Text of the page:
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Born to run
1,683 Posts
Discussion Starter · #1 ·
Noted Norwegian architect firm Snøhetta unveiled its design for the Cultural Center to be built at the site of the Sep. 11, 2001 terrorist attack on Manhattan, and their vision met with lavish praise.

"Snøhetta has designed an airy, light and optimistic building. It has become a fine project that supports the whole idea behind my master plan," said chief architect for Ground Zero, Daniel Liebeskind, to Aftenposten.

"Snøhetta's architecture shows understanding and great respect for how sensitive an area Ground Zero is," said NY mayor Michael Bloomberg.

The planned cultural center at the World Trade Center site will house a visual arts area devoted to drawing, a visitor's hub and a center focusing on the global struggle for freedom, according to plans unveiled Thursday.

The model, a transparent crystalline structure, will act as a prism, capture the shifting daylight and be as easy to see out of as in.

The Cultural Center will house the International Freedom Museum, an information center for Ground Zero and an art gallery, The Drawing Center.

Groundbreaking for the cultural center is scheduled for 2007 with completion in 2009.

Snøhetta was chosen from 34 applicants and is best known for the Alexandria Library in Egypt, the Norwegian Embassy in Berlin and the soon-to-be-completed New National Opera in Oslo.

Police criticized the current plan as leaving the building too vulnerable to bombs carried in vehicles. The tower is now to be set back farther from the street.

Snøhetta architect Kjetil Thorsen demonstrates how the center is placed in respect to the other buildings at Ground Zero.

Nihongo Luvr
1,037 Posts
Snøhetta certainly has had a lot of success recently, It seems that it is on its way of becoming the top architecture firm of the Nordics. You don't happen to have any bigger pics of Snøhetta's proposal, do you?

12,318 Posts
^ Some renderings and information from the project, Moolio. :)

"Rising Above"

The World Trade Center site carries with it the weight of its history and the hope for the future. Rising above this hallowed ground, the new Cultural Center presents a new sense of vitality in honor of those that have perished or been affected by the disasters of the past here. With this in mind we at Snøhetta strive toward a design that infuses with its surroundings, one that seems inevitable with its surroundings and its context. Connected to the new city streets of Greenwich and Fulton, the building will allow the Memorial to remain protected as the city grows around it. In this way we strive to unite the worlds of the past, present and future at this unique location in New York and the world.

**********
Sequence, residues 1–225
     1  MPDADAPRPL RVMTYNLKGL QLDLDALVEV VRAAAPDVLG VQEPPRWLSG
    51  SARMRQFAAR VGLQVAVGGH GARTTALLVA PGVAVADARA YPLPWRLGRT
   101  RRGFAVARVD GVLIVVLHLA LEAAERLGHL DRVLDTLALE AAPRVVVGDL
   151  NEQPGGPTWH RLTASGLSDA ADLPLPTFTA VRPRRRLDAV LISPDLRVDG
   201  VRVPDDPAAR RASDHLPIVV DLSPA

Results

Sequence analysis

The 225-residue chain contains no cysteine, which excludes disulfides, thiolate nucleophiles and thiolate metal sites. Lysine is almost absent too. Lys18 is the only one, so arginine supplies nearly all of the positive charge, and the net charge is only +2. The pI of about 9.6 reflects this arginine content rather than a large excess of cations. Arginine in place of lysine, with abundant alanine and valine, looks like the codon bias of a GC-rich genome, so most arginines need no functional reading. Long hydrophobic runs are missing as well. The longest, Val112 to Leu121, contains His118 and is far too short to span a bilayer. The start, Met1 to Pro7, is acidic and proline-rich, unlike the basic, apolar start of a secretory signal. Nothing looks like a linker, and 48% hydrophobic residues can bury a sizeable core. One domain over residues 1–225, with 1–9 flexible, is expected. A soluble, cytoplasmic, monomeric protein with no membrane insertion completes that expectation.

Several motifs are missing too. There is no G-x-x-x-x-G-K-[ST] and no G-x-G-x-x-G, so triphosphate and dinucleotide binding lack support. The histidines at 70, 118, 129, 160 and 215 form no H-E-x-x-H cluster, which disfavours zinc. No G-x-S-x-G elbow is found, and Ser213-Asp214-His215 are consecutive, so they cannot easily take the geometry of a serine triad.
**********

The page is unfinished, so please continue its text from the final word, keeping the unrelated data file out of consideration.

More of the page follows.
Rising upward from the vast plane of the Memorial grounds, the new Cultural Center will be lifted above the canopy of trees surrounding it. Gentle sloping wooden ramps will lead the visitor visually and physically upward. As the body of the building rises upward; a protected outdoor plaza is formed beneath it. The open space underneath the building creates a spiritual window that frames perceptions to and from the Memorial and the city.

Captured by a unique outdoor reflecting atrium, abundant natural light connects the covered plaza to the sky above. Light filters through the building allowing the sun to engage with the ramps, plaza and underground concourses. This light weaves all of the aspects of this important place together in a lively and welcoming atmosphere. At night the light from the underground World Trade Center Transportation Hub mezzanine will illuminate the Plaza, creating a dramatic setting throughout the evening.

Intended to be intimately connected to street life, the Center is organized horizontally, a tradition uncommon in New York City. It is efficiently designed to provide a unique low profile, respectful of the Memorial and a counterpoint to the otherwise dominant vertical backdrop of the downtown skyline. From its rooftop garden, the Cultural Center will offer a unique perspective of the Memorial Plaza creating a place of contemplation, observation and confirmation.

In addition to the important character of the roof and the façade at the underside of the building, the new Cultural Center will be wrapped in a pattern of glass prisms integrated into its wooden surface. As light passes through these prisms, this ephemeral façade will change throughout the day and seasons. Each visitor will experience the building through his or her own vantage point. Like the changing patterns of light and shadow found amidst the leaves of a tree, the building’s presence conforms to each person’s changing relationship to it.

As time passes so will perceptions of this place change. The design incorporates time into its essence. It does not dictate, but rather enhances individual sensitivity, moment-by-moment, throughout the seasons, year-to-year. It is a companion, a mosaic of memories and anticipation, its natural materials, components and expression constantly evolving. Its softness and subtle character will act as a backdrop to the Memorial Plaza as well as an inviting symbol for the area for many generations to come.

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